I began traveling around the UK and soon across Europe delivering coaching, training and development to academic researchers. I had multiple purses with different currencies and my kids joked I must really be a spy or international criminal. I couldn’t wait for the next flight, I loved my job.
And then Covid hit. My business was based on face to face delivery – being there in person, if couldn’t do that, now what??
I had to pivot – and do it big and fast.
My front room changed from general dumping ground to delivery central.
My pivot came with a very steep learning curve. Overnight my international travel stopped but my clients were coming from much further afield than before. I had clients calling me from Oman, US and even Japan. Suddenly researchers were looking for help to keep going with their projects, to overcome isolation, support maintaining momentum and stability when everything around them was changing. Just as I thought my business was over, the forced pivot sent me global without ever setting foot in an airport. Closer to home I was asked if I could work with medics returning from the ‘front line’ back to their normal roles as clinicians, medics and medical researchers. Another offer to pivot or persevere. I pivoted and now work with five Health Education Authorities coaching trainees overcome impostor syndrome and to become more productive.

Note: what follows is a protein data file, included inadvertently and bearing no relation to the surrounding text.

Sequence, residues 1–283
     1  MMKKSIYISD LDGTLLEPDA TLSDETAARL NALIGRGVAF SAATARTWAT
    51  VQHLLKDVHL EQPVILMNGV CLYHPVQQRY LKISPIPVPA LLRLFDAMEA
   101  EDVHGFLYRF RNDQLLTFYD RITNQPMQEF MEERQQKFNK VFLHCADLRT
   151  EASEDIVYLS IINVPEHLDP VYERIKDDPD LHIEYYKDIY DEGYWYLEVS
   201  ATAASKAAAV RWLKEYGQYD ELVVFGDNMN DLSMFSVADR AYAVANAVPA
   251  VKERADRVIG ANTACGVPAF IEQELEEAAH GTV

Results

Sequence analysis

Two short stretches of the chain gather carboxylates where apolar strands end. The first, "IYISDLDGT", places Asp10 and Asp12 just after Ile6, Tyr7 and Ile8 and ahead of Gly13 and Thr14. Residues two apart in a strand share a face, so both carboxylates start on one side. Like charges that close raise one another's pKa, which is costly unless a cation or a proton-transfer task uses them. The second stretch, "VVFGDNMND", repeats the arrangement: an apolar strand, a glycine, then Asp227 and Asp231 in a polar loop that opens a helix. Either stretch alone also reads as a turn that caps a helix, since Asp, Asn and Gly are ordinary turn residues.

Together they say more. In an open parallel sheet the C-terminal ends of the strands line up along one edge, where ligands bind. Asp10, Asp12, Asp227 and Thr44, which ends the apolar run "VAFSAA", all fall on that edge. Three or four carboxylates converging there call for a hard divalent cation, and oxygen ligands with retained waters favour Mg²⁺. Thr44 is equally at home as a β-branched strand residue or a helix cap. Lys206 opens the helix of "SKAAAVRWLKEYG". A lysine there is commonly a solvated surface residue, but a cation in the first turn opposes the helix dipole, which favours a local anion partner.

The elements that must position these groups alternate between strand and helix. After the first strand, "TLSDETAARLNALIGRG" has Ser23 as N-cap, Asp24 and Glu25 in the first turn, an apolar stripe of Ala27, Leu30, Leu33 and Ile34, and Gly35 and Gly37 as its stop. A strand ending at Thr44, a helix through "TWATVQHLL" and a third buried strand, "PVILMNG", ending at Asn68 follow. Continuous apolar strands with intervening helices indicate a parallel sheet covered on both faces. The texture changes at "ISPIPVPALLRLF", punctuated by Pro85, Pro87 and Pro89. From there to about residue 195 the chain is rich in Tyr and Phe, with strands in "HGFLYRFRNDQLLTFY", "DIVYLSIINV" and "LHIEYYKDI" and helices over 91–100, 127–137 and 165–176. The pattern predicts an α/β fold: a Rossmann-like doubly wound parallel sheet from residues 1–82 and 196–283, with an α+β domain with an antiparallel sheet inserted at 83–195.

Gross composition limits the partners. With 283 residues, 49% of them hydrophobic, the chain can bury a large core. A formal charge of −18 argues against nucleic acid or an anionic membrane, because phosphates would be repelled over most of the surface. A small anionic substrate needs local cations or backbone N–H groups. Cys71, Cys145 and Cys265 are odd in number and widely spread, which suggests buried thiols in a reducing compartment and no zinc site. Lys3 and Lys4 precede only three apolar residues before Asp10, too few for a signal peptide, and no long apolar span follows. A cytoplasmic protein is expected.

My role is a culmination of all of my previous experiences. It is still incredibly hard work but I am using all of my skills and abilities learnt directly from completing my PhD. I still need to maintain my own personal motivation, seek funding and write proposals and reports. I go to conferences to keep my knowledge up to date and attend training and development courses for my own.
It is very similar to being a researcher, and because I work with researchers it is important that I can relate to their experiences. Having a PhD and having been through the experience means I can speak with authority. The research techniques I learnt as a researcher are vital when I am working with clients.
Being a lifelong geographer
When people ask if I miss being a geographer I can, hand on heart, say I never stopped being a geographer. Being a geographer means constantly looking at projects and opportunities from multiple perspectives. I have to evaluate what I do and ensure that what I offer meets the needs of the researchers I serve and also aligns with the values of the company I have a stake in. I am geographer first and a company director second. I never lose sight of the knowledge and intellectual abilities my geography PhD taught me.
One important lesson though is to never be scared to pivot, who knows what might be round the corner. So, if you are thinking that the only career for you is as an academic I challenge you to ask yourself – what if you were to pivot?